Madagascar: Jesuit education also in the south of the island
In various ways, the Society of Jesus is very much involved in education in Madagascar. At the university level, it is in the process of bringing together various professional institutes by forming the Université Magis. But, as in many other countries, it is through its “colleges” (which include the primary and secondary levels) that the Jesuits have established their reputation. Much has been said about the Collège Saint Michel in the capital Antananarivo; located 600 km to the south, in Mananjary, the Collège de l’Immaculée Conception (CIC) offers the young people of the region the spiritual and educational tradition of the Society.
General’s visit to the Province of Madagascar, including the south of the
country, gives us the opportunity to get to know this institution headed by Fr.
Andry (Herizafiniaina Andrianaivosoa). We interviewed him.
Father Andry, first of all, a few historical notes about the CIC?
The college was founded by a French Jesuit in 1956, It then passed briefly under the direction of a congregation of teaching brothers, then of the diocese, then of a French group before returning to the Jesuits (first the Polish Jesuits) in 1987. The Province of Madagascar has assumed full responsibility for it since 2004.
How does the college respond to the needs of young people in the region?
The objective has always been to provide a quality education to the young people of Mananjary. The school is accessible to all. Like all other Jesuit institutions, the CIC strives to provide a holistic education. The poverty and difficulties that the young people of Mananjary face in their families and in society require an education that emphasizes accompaniment and cura personalis, personal attention for each student. The Jesuit education offered by the CIC responds to this need.
Madagascar is struggling to emerge from poverty and to develop for the benefit of all its people. How can Jesuit involvement in education support this?
is one of the poorest countries in the world. Jesuits live with their people.
We are convinced that education remains a major key to developing the country.
We are open to any collaboration to carry out this double mission of education
and poverty eradication.
In some of the developing countries, the Jesuits have been criticized for forming an elite, young people who, as soon as they have the possibility, leave the country and take advantage of their formation to create a future abroad. What is the situation here?
Admittedly, our Jesuit schools were known to favour elitism. But conversion is always possible! Gradually, we have moved away from elitism. We are convinced that our mission is to form committed young people, not to promote elitism. We are happy to help our students with the spirit of the Ignatian Magis. The document “A Living Tradition”, which outlines the orientations of Jesuit education for today, shows us the way for educating to face the challenges of the 21st century society. In this spirit, we trust that our young people will take a greater interest in the development of their own country.
And how is the spiritual and religious dimension experienced at CIC? Are the students open to it?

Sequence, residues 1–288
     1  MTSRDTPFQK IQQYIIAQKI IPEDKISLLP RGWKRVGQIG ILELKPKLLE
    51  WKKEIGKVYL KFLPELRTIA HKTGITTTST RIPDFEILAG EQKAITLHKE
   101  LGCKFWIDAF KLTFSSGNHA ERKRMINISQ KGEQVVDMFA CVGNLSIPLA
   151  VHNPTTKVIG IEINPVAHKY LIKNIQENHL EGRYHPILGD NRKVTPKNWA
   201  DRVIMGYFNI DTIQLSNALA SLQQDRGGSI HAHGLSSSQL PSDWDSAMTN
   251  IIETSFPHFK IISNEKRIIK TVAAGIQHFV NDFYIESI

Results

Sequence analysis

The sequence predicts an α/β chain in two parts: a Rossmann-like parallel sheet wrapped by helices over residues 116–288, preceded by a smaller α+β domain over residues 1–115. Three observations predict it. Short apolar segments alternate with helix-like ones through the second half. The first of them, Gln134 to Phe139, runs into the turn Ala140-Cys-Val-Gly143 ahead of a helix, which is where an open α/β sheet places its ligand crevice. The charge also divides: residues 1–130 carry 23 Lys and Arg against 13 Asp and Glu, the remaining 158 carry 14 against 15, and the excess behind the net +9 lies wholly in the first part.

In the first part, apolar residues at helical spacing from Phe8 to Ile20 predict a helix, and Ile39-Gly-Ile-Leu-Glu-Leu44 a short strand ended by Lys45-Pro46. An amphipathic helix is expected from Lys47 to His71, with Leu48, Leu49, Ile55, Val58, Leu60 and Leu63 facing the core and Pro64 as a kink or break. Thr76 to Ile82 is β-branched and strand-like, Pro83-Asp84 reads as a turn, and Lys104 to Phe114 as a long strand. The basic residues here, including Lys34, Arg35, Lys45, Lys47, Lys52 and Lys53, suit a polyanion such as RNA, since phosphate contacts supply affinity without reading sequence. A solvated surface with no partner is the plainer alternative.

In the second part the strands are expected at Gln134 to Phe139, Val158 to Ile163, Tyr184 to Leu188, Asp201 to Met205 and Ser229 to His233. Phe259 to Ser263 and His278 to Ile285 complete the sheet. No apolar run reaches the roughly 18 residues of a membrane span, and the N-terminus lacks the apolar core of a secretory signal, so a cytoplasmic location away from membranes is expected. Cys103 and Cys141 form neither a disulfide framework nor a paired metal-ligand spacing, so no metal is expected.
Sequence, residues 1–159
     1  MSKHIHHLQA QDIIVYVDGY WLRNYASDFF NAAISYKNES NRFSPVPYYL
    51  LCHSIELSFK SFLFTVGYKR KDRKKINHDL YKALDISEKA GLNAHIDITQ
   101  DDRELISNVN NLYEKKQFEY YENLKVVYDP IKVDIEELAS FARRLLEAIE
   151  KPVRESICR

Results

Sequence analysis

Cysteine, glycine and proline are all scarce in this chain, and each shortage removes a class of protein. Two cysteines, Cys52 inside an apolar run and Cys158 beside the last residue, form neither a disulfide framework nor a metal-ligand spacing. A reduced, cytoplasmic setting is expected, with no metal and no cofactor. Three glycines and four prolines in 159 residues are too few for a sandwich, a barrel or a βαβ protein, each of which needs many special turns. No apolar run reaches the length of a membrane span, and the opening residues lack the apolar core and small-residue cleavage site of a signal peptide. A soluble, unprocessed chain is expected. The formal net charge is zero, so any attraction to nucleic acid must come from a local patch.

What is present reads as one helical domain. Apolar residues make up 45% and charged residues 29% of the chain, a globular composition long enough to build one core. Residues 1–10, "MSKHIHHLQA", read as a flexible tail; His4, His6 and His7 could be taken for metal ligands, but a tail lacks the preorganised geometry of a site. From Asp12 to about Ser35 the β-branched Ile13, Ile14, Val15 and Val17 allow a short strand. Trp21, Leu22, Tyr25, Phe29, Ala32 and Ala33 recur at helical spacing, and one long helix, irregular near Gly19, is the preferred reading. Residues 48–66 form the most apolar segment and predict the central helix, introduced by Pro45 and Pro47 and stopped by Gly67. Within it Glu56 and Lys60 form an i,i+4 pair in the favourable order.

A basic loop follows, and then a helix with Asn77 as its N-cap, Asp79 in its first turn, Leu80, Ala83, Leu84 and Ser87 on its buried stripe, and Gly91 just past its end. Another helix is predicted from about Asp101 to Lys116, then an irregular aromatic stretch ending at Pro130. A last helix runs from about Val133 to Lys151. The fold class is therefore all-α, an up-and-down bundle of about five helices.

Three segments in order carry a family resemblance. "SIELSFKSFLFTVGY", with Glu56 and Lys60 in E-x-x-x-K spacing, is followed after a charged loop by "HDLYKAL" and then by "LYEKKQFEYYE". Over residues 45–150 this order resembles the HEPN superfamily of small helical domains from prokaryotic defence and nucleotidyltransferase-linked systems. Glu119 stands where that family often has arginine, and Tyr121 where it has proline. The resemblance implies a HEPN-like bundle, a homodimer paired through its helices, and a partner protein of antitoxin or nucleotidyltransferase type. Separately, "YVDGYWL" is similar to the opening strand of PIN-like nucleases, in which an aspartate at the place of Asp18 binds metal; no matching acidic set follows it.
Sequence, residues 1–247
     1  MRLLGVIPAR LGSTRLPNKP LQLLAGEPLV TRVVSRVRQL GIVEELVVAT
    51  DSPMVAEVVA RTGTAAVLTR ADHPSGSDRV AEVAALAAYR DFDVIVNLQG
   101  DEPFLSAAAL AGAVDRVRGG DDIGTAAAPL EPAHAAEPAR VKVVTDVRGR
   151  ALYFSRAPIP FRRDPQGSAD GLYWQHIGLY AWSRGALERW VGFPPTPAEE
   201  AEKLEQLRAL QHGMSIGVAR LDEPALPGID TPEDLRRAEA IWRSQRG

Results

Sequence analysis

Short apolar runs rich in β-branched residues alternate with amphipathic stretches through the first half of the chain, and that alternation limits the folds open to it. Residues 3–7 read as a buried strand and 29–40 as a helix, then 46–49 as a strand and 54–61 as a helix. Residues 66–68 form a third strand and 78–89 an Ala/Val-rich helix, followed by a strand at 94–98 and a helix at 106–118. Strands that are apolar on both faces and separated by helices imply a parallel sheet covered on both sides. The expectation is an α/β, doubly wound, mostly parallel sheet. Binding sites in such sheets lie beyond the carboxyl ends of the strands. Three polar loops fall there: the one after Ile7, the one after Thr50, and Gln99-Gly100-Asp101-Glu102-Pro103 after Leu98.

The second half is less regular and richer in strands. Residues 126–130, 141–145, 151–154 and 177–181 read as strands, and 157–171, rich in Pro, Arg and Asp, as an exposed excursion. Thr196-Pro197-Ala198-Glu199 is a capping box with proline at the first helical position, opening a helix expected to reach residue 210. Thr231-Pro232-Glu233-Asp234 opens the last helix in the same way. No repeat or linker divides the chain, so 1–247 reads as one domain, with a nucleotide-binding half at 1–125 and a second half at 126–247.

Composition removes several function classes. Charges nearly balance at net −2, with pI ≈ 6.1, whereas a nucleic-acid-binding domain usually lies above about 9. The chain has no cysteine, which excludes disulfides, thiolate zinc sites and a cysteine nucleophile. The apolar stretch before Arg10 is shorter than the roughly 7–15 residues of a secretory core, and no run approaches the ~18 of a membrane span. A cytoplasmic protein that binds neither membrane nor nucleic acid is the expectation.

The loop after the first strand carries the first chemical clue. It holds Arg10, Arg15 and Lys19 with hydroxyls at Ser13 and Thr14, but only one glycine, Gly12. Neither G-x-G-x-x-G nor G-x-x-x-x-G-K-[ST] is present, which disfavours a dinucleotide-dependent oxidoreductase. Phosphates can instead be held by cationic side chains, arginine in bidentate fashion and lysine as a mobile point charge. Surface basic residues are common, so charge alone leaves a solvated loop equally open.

they are very receptive to it. The CIC is a Catholic school that is open to
all, regardless of their religious affiliation. The school is the place par
excellence to live ecumenism, because the Ignatian spirituality that guides us
goes beyond the simple practice of rites. We offer retreats to our young
people; we also teach them the practice of the examen of conscience. Our ways of accompanying them show them the
richness of Ignatian spirituality. so overall, our young people benefit from it
To give a concrete face to what he says, Father Andry shared with us the testimony of a former student, Cynthia Yvette Heliharisoa.
I studied at the Collège Immaculée Conception Mananjary. This institution offered me many lessons to follow in my life.
First of all, spiritually. The importance of prayer, knowing how to talk to God about our successes, our failures, our joys, our sorrows, everything! He is always by our side to support us. In this school, we do a recollection that allows us to connect with God and with ourselves. In addition, the school taught me to give the best of myself, to go on and on towards success, “the Magis”. It promotes this vision “to form men and women with and for others for the glory of God.” This has pushed me to help others in times of need because I do not live for myself alone but also for others around me. I have developed a sense of selflessness as well as discipline. This school trained me to be disciplined and organized in life and, until now, I am still walking in this way: punctuality, good behavior, respect for myself and others, sense of responsibility...
Secondly, intellectually. Access to the library has helped me a lot to deepen my knowledge. Along the same lines, this school teaches us perseverance, intellectual rigour, seriousness in our studies and then in everything we do.
I add the lesson of life, which combines the physical and the mental. There is room for both team sports and individual sports. You learn solidarity there, as well as how to work in a group.
In short, this establishment has trained me, through teaching and education in the broadest sense, to be the woman I am today.
Lent is an invitation to prayer and reflection - a time to discern who we are and what we are called to be. To enter into that prayer we must also look at the people and experiences that formed us.
The General Curia in collaboration with Educate Magis invites teachers, retreat leaders and youth ministers to engage the valuable resource, “Who Do You Want to Be? - A Video Series to Light Your Path” as a way to accompany your students during Lent.
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